Cardiologist Dr. Robert Segal with Manhattan Cardiology talks cholesterol levels, health effects, and the tests people need to know about
— Dr. Robert Segal
NEW YORK, NY, UNITED STATES, May 18, 2023/EINPresswire.com/ — According to the Centers for Disease Control and Prevention (CDC), heart disease is the leading cause of death in the United States—more than even all types of cancer combined. One of the simplest indicators of a person’s heart health is their cholesterol levels. But what exactly is cholesterol, and what kind of tests are available? Dr. Robert Segal, a board-certified cardiologist and founder of Manhattan Cardiology, has answers to those questions and more.
First and most importantly, what exactly is cholesterol?
“Cholesterol is a natural, waxy substance made by the liver that’s found in most tissues of the body. It has a lot of important uses from digestion to hormone production,” says Segal.
The liver produces enough cholesterol for all of the body’s functional needs, but cholesterol can also be found in many foods. In effect, this dietary cholesterol can lead to having too much cholesterol overall in the body—and in particular in the bloodstream—where it starts to stick together and build up.
“Because of cholesterol’s waxiness, it can stick to the inner walls of arteries. Once that starts, more and more cholesterol tends to build up, narrowing and hardening the arteries. This increases blood pressure, decreases the supply of oxygen to the heart, and can directly cause a heart attack,” says Segal.
There are a few different types of cholesterol that are important to know about.
Low-density lipoprotein (LDL). This is often referred to as “bad” cholesterol or “L” for “lousy”, although the body does need a small amount of LDL cholesterol for normal functioning. Lower LDL levels are associated with lower risk of heart disease and stroke.
High-density lipoprotein (HDL). This is often referred to as “good” cholesterol. HDL cholesterol can collect extra LDL cholesterol and return it to the liver to be broken down and removed from the body. Higher HDL levels are associated with lower risk of heart disease and stroke.
Triglycerides. This is a type of fatty compound the body uses to store extra energy. Triglycerides can be broken down later to release energy, but if the need never arises, the fat continues to build up. Lower levels of triglycerides are generally healthier.
“Often times when someone’s cholesterol levels are too high, there aren’t any noticeable symptoms until they have a heart attack or a stroke. But if someone knows they have high cholesterol, there’s a lot that can be done to lower their risk of those dramatic outcomes. That’s why it’s so important for people to regularly have their cholesterol levels tested. This is generally a simple procedure that can be performed during an annual physical,” says Segal.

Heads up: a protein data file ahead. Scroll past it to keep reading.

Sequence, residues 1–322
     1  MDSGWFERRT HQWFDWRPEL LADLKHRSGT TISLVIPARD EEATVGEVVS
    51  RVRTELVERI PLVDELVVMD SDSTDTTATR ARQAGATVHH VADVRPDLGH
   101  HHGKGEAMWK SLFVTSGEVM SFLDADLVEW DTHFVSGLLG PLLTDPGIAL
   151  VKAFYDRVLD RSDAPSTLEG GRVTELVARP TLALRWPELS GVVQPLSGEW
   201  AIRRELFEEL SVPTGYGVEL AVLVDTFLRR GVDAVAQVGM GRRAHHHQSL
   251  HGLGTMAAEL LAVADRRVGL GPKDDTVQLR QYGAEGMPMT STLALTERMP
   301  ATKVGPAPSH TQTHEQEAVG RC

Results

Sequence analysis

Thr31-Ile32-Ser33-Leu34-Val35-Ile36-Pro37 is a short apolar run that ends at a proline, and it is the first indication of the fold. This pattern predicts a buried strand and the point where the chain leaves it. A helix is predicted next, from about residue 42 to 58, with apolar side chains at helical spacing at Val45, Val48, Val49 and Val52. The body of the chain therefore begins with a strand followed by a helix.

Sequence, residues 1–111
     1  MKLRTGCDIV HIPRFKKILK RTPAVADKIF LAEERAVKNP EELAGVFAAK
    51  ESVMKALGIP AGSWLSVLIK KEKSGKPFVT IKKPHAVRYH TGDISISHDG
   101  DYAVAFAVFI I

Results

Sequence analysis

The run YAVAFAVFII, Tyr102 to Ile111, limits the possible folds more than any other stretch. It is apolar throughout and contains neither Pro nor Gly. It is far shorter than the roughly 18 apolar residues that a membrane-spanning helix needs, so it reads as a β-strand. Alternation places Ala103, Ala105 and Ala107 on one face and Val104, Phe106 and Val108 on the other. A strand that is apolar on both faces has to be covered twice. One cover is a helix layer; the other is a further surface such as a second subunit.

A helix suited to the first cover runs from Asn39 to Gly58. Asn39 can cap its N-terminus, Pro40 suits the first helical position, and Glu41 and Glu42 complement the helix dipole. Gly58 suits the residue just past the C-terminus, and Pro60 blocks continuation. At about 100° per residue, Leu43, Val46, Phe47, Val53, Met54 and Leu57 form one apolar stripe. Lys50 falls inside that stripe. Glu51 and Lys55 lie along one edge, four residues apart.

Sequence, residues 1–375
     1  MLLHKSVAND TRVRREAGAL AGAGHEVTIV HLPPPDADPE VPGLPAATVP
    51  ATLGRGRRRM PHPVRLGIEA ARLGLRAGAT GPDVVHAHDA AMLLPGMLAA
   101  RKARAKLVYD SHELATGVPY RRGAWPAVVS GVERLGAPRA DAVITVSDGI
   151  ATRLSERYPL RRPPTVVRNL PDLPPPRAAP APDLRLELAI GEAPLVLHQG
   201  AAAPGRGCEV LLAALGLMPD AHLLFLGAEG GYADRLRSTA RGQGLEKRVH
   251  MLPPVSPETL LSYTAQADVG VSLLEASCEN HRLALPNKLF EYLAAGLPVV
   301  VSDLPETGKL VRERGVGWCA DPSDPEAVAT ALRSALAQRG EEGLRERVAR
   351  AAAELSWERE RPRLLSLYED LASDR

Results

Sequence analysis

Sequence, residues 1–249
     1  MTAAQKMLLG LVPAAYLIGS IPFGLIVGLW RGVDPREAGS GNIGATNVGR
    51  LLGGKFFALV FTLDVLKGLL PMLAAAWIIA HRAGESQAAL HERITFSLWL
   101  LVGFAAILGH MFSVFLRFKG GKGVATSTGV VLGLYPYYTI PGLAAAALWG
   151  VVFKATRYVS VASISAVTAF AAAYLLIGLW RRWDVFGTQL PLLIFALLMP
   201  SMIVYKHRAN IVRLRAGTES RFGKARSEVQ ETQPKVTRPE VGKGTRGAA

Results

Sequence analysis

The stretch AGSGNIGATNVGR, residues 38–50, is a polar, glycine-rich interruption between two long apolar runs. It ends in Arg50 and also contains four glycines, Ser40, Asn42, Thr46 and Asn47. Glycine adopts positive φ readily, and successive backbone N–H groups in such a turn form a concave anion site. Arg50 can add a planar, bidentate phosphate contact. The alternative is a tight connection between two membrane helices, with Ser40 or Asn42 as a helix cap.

There are several types of cholesterol tests available. Some are more generalized, while others have more specific uses.
· Lipid Panel. This very common test can be performed in a doctor’s office and yields results in a couple of days. Blood is drawn and sent to a laboratory for analysis. This type of test typically directly measures total cholesterol, HDL, and triglycerides, and then uses this information to calculate LDL levels.
· HDL-C test. This test is usually ordered as needed as a follow up test to a standard lipid panel. It can show whether HDL levels have gone either up or down since a previous screening.
· LDL-C test. Where a standard lipid panel uses a formula to calculate LDL levels, this test directly measures LDL cholesterol. For people with very high triglyceride levels, this may provide a more accurate assessment of LDL levels.
• Lipoprotein (a) = LpA The amount of lipoprotein in your blood is determined by a lipoprotein test. You may be at an increased risk for heart disease and stroke if you have a high level of lipoprotein (a).
· CAC test. A coronary artery calcium score uses a CT scan instead of a blood draw. The scan measures the amount of calcium in the arteries around the heart to determine how much plaque is built up. This type of test can help doctors decide if someone would benefit from taking statins (a type of medication) to lower their cholesterol. The higher the calcium score, the higher risk of heart disease.
“Cholesterol tests are an efficient and effective way to find out if someone’s cholesterol levels are too high. But that information is only useful if some sort of action is taken,” says Segal.
While statins and other medications are one available option, most of the time the most significant long-term benefits can be gained from making lifestyle changes.
A diet low in trans fat and saturated fats, refined sugars, and red meats can help lower cholesterol. These foods can be replaced with fish, fresh vegetables, nuts, legumes, seeds, and whole grains. Regular moderate exercise, healthy sleep habits, managing stress, maintaining a healthy weight, and quitting tobacco products are also all associated with improved heart health.
“The best part is that these options don’t require special equipment or a prescription. They’re simple concepts that most people understand intuitively. Sometimes it’s just about getting back to basics,” said Segal.
Manhattan Cardiology is the premier facility for preventive cardiology treatment in New York. Our cardiologists practice under the guiding principle that early detection is the best form of prevention. www.manhattancardiology.com
Dr. Robert Segal is a board-certified cardiologist and the founder of Manhattan Cardiology, Medical Offices of Manhattan and co-founder of LabFinder. www.manhattancardiology.com www.medicalofficesofmanhattan.com www.LabFinder.com
Originally published at https://www.einpresswire.com/article/634266420/cholesterol-tests-from-a-to-z